You don't really need to prove anything. All you need to do is show that the null set fits the properties of 0. For example, let's say I define a group , where Z is the set of integers and is the regular addition but remove one from the sum, ie for all a,b in Z. In this case, 0 is not the identity for the group, because . The identity is 1, since . And that's all I need to do to show that 1 takes the place of 0 in the axiom.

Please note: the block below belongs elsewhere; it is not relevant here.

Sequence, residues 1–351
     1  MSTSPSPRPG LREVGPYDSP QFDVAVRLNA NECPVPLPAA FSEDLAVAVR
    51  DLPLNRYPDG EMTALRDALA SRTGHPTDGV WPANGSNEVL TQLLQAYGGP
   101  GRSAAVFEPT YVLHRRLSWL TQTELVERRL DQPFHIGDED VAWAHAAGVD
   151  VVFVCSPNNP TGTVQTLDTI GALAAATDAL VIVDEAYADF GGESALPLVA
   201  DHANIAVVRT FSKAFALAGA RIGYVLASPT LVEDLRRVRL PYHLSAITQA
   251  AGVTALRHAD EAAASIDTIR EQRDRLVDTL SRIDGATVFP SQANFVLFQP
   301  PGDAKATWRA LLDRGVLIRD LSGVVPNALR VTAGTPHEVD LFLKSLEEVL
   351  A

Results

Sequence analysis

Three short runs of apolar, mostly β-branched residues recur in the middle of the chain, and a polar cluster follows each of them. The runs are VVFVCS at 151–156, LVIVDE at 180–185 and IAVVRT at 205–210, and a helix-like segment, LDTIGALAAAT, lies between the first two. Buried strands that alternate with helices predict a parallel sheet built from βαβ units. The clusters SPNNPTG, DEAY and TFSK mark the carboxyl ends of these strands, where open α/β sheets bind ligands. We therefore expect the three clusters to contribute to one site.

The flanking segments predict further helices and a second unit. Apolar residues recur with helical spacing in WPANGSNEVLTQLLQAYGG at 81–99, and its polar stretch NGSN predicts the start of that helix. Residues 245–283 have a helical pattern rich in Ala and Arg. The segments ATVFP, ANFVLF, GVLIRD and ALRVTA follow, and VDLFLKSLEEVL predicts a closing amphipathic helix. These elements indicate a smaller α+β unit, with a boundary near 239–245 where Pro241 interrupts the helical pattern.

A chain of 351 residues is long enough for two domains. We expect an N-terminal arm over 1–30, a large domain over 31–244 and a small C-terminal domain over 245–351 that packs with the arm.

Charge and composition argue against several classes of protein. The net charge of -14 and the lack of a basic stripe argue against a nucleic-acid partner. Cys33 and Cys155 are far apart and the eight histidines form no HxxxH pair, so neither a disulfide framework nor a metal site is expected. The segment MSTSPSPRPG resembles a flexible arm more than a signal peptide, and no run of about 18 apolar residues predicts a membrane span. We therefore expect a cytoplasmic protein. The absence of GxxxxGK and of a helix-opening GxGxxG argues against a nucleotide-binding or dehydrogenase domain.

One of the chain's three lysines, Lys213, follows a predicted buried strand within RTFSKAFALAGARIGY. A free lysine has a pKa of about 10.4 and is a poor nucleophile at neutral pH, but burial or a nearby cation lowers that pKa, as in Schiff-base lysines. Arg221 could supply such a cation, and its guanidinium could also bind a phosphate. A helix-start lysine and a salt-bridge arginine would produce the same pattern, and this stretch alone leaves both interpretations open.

So for you all you'd need to do is say that a+null set = a for any set a. Therefore, the null set can be used interchangeably with 0 when talking about sets.

I hope my explanation makes sense. It's these simple parts that are usually the toughest to explain well...